Tasmania to scrap PCR test for travellers

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  • Peter Gutwein
    Australian politician, 46th Premier of Tasmania

Travellers to Tasmania will be required to take a rapid antigen test one day before arriving in the island state, as it scraps a 72-hour pre-travel PCR test requirement.

The state recorded 92 new COVID-19 cases on Thursday and the first virus-related hospitalisations since its borders reopened a fortnight ago.

The fresh infections are a daily record and take the number of overall active cases in Tasmania to 386.

There are two cases in hospital but none are in intensive care.

After attending national cabinet on Thursday, Premier Peter Gutwein announced several changes to the state's testing rules.

From 12.01am on January 1, travellers to the state must take a rapid antigen test 24 hours before their arrival. Queensland and South Australia have also scrapped PCR test requirements.

"If your result is positive you cannot come," Mr Gutwein told reporters in Hobart.

The test result must be declared by travellers on the state's Tas e-Travel border pass system.

Evidence of the test will not be required at the border, however anyone who lies will face a fine.

Travellers arriving in the state will be given another rapid antigen test kit at the border to carry with them in case they develop symptoms or become a close contact.

The state had required travellers to take PCR tests 72 hours before arrival since reopening its borders earlier this month, adding to long queues at interstate testing sites.

In further changes announced on Thursday, Tasmanians who travel interstate for seven days or fewer will not be required to get tested upon their return unless they are symptomatic.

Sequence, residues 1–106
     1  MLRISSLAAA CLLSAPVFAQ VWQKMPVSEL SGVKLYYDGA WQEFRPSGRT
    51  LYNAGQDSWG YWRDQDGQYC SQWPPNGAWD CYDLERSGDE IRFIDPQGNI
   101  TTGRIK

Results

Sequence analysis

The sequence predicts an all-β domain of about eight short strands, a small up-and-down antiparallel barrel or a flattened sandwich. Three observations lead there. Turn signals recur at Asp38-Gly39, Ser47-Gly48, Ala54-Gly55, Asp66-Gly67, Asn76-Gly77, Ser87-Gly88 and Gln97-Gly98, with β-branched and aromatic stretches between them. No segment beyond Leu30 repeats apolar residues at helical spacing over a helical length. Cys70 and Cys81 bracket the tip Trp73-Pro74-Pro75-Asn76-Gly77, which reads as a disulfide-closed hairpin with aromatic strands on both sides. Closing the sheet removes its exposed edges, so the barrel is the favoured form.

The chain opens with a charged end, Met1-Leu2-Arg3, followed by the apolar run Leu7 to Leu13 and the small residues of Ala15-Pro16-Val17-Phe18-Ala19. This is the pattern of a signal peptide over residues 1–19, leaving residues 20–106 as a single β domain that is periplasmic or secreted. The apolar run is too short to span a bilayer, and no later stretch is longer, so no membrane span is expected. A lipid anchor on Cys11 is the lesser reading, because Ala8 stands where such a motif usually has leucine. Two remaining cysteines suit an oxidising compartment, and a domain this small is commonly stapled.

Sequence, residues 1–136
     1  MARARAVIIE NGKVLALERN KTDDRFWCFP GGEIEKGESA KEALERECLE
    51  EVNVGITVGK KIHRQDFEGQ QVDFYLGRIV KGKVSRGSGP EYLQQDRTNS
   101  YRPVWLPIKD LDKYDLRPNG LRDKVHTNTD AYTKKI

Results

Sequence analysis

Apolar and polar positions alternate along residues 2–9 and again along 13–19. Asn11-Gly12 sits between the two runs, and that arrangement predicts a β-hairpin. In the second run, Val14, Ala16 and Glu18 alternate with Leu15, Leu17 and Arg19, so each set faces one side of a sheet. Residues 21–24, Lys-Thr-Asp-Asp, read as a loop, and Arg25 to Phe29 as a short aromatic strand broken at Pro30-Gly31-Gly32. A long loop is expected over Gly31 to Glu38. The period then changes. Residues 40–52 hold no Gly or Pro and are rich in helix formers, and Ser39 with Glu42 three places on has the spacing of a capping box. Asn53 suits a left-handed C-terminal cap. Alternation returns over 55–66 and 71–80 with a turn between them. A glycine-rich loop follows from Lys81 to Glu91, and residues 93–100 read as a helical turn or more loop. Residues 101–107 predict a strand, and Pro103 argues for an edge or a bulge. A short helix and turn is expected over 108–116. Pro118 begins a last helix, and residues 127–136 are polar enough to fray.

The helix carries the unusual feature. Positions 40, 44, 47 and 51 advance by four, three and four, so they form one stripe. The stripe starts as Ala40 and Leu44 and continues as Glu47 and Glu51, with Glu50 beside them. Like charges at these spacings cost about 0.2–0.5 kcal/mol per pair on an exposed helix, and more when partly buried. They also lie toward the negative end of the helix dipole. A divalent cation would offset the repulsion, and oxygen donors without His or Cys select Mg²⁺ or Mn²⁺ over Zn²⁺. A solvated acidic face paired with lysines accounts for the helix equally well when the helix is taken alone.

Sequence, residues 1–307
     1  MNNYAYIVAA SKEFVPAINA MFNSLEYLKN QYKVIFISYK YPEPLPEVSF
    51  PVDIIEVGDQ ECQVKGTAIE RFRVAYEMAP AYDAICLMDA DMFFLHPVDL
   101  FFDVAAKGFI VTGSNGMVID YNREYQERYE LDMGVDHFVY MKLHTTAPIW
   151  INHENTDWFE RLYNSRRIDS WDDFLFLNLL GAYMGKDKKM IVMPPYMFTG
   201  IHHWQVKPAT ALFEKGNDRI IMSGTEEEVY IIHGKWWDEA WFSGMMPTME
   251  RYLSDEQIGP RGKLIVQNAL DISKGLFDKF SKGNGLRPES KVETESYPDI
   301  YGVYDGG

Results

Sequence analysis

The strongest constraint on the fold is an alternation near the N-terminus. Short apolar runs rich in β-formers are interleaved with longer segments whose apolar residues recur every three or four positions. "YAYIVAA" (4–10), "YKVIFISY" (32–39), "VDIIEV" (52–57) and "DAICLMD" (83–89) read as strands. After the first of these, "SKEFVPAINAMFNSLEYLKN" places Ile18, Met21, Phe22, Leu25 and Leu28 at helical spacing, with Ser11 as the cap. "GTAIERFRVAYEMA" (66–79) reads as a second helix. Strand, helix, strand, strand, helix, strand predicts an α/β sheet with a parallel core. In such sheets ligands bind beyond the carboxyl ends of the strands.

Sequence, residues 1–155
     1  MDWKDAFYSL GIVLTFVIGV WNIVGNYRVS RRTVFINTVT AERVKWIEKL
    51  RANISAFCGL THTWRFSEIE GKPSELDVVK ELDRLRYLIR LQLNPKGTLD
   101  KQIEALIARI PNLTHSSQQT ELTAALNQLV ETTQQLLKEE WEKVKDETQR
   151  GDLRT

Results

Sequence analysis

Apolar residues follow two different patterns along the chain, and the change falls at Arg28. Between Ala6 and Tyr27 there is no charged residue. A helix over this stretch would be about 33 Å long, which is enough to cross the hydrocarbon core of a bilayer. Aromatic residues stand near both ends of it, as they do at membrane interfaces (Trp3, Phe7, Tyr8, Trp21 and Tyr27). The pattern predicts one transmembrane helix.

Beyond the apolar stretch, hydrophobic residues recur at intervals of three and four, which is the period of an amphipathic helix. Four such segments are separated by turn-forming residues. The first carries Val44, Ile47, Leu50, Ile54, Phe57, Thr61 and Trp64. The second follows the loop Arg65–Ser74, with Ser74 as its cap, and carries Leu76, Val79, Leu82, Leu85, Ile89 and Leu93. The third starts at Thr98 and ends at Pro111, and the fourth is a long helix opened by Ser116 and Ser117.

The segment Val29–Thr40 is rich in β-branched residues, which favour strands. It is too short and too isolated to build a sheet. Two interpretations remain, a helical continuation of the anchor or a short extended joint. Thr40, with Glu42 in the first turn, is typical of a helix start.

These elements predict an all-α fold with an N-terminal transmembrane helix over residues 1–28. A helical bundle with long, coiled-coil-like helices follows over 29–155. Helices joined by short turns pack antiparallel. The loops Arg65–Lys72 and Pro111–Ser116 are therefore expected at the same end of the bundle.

Additionally, to ease pressure on testing sites, only those with COVID-19 symptoms or a positive RAT test will be able to get a PCR test.

Two free rapid antigen testing sites, at Rokeby and Glenorchy, will be set up in coming days but they will not operate as walk-up testing sites.

"I want to stress - please do not just turn up to these sites," Mr Gutwein said.

"Health will prioritise who is eligible for a rapid antigen test and will contact those people directly and arrange for them to turn up and receive tests at the locations that are being established."

Tasmania currently has half a million rapid tests available, with another two million arriving over the next month.

The majority of the state's cases, 178, are being managed at home, while there are 74 people in community clinics.

Meanwhile, St Ann's aged care facility in Hobart was forced into lockdown on Wednesday after a staff member who had worked there on Christmas Day tested positive.

Mr Gutwein said initial tests results from staff and residents had come back negative.

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